Now that we have three Flyers remaining, it’s time to apply the final two filters; the relative shot metrics. We hit a bit of a road block here as we’re unable to combine data from multiple seasons, but we do have the ability to eyeball it and come up with an answer. At the time, to be in the 40th percentile of forwards you’d need to have a CF% relative above -1.2%. Again, to be precise we’d need to find the exact cutoff, but for this exercise we’ll move forward with that figure. With a very nice +6.9% CF relative in 2018-19, and a lesser but still very good +5.5% in 2017-18, Couturier moves forward. As does Giroux with a +5% CF relative last season, and a +4.9 the season prior. While not as strong, Voracek, whose figures over the last two seasons were -0.3% and +1.2%, makes the cut as well and moves onto the final stage.
We’re onto the final stage and let’s just make it simple; we can very quickly see that all three of Couturier (+7.1%, +5.1%), Giroux (+1.6%, +5.6%), and Voracek (+1.5%, +2.6%) have a DFF% relative over the last two seasons well above the 40th percentile.
Ask any Flyers fan who the “elite” forwards on the team are and generally you’d receive the same answer that the filters spit out: Giroux, Couturier and Voracek. Although some would surely argue over Voracek being included. Still, if the glove fits, the glove fits.
Now, at the opposite end of the spectrum, to be classified as a Gritensity forward you need to check off just one of the following three boxes.
- Played in at least 20 games and were among the bottom 16.7th percentile of players in relative Corsi.
- Scored at a per 60 rate that has you in the bottom 16.7th percentile of players.
- Are among the bottom 10% of players in average time on ice.
At a quick glance, average ice time alone has Tyrell Goulbourne, Nicolas Aube-Kubel, Phil Varone, and Mikhail Vorobyev qualifying as gritensity forwards. Others, like Jori Lehtera and Corban Knight, qualify through either their scoring rates or their relative Corsi. (Note: this is not a complete list.)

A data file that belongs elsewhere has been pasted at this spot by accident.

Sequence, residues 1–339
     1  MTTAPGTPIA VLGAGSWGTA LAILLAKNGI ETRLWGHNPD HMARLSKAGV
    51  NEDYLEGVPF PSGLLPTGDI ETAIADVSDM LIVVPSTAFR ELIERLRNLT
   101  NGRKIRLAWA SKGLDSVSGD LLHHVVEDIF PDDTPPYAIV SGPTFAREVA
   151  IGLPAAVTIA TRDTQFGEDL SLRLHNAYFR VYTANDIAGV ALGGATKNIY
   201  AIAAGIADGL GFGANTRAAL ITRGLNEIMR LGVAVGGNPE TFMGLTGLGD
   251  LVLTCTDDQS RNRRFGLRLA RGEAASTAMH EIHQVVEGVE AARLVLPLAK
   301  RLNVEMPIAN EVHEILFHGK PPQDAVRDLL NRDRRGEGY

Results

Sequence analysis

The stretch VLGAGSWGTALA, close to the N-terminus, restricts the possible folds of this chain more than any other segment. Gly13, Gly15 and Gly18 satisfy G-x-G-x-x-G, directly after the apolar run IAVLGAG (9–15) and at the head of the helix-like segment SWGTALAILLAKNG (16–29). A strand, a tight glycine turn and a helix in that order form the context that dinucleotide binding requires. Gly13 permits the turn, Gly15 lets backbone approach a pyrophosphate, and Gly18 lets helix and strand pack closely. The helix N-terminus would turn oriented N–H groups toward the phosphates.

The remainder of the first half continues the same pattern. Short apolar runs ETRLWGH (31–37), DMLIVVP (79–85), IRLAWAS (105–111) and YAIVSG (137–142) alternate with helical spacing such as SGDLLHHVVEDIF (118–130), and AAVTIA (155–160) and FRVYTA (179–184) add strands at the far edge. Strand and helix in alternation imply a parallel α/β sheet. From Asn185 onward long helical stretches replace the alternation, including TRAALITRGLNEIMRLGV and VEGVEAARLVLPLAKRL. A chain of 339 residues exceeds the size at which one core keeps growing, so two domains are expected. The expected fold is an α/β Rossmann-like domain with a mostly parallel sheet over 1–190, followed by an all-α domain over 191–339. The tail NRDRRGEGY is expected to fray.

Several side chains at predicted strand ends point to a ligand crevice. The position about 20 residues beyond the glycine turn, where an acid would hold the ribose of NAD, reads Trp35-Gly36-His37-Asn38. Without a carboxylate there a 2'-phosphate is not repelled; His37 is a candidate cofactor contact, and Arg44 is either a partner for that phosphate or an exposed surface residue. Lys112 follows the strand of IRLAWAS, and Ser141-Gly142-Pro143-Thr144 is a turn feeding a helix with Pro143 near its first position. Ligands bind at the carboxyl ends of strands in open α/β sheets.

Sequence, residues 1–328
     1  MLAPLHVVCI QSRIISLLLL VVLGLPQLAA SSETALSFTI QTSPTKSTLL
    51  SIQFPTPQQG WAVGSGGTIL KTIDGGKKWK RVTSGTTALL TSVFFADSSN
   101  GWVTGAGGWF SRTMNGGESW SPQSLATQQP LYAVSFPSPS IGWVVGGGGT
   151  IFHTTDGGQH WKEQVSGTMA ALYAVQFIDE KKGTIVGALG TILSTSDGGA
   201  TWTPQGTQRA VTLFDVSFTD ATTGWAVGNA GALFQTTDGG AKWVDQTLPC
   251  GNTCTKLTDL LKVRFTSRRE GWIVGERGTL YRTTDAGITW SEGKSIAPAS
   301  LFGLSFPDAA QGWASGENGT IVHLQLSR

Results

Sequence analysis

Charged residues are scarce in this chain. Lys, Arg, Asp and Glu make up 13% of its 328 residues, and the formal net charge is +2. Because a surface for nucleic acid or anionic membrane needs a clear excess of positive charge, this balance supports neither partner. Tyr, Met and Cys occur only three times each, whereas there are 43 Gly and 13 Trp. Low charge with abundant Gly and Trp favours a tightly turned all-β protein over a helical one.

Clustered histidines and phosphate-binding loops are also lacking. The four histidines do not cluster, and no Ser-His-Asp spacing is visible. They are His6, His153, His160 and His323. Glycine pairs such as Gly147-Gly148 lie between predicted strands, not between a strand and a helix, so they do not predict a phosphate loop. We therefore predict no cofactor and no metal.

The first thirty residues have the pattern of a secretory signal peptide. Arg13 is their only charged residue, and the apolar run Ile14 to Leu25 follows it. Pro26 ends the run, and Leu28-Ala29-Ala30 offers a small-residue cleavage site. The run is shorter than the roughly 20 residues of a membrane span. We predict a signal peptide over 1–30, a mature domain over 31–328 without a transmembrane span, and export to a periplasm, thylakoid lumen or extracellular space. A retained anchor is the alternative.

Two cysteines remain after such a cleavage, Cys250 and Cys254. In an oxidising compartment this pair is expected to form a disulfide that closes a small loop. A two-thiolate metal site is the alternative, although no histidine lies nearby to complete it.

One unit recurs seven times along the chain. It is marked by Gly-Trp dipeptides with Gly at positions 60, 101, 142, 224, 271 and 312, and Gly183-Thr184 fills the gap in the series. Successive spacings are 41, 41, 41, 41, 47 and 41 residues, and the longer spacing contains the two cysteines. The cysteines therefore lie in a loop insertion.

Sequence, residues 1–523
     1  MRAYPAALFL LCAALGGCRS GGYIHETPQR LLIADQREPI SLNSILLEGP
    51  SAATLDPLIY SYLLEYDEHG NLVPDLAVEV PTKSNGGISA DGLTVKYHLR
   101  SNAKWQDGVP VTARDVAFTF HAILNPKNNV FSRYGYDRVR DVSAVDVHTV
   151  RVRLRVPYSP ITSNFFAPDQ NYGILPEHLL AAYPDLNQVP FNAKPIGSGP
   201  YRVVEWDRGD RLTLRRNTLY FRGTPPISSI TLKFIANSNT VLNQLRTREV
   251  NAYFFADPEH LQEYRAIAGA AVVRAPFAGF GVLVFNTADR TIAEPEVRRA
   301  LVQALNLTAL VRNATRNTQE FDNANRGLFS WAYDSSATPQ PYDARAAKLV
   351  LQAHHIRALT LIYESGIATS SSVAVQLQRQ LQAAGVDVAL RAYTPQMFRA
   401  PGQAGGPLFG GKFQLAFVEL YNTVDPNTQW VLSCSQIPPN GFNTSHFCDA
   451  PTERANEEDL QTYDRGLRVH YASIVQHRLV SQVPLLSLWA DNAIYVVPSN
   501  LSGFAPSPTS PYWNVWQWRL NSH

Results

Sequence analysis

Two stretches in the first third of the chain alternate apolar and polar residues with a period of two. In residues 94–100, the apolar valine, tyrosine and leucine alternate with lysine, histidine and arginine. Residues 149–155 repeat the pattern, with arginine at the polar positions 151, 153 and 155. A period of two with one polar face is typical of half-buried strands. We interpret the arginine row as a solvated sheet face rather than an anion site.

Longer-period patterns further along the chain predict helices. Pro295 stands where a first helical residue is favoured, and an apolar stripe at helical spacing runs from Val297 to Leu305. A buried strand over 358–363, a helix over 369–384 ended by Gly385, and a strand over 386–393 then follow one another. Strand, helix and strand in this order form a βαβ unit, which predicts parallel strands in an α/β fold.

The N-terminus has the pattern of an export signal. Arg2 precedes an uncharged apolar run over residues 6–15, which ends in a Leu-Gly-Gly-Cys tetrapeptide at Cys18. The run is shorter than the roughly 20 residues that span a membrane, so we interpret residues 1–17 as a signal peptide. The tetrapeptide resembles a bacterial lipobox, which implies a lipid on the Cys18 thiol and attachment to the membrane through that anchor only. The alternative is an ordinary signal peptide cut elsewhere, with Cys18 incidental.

Yup, that checks out. Keep in mind that a gritensity skater is not automatically a “bad” NHLer. Many can be considered that, but some are just rookies who have yet to earn their coach’s trust yet, and thus haven’t been able to show their true talent level.
If a player does not meet the four requirements to be considered elite and nor do they qualify as a gritensity player, then they, like the majority of the NHL, are in the middle.
Since there are three forwards on the ice during 5-on-5 play, there are a couple different combinations of players that can be on the ice at a given time. To decide the quality of a player’s competition, the rule is that if there is at least one elite forward on the ice and no gritensity forward, the competition level is elite. With the inverse of that being true as well. If both or neither type of forward are on the ice, the competition level is middle.
While this data does tell us a lot, it’s important to remember that the quality of a player’s teammates has a massive impact on their on-ice results as well.
What it says about the Flyers’ defensemen
Now that we know what Elite, Middle, and Gritensity competition looks like, we can see how the Flyers performed with each of their defensemen on the ice against exact competition levels.
Unsurprisingly, Ivan Provorov leads the way in time spent against elite competition. In fact, among league-wide defensemen he sits 4th in total ice time and 16th in time on ice percentage against the best of the best. Last season 151 defensemen played at least 250 minutes versus elite competition and among them Provorov’s 48.48 CF% ranks 62nd and his 50.17 DFF% ranks 49th. Within the top half in Corsi and the top third in weighted shots — pretty good! And things look even better when you take into account how the Flyers did with him on the ice compared to when he was off of the ice.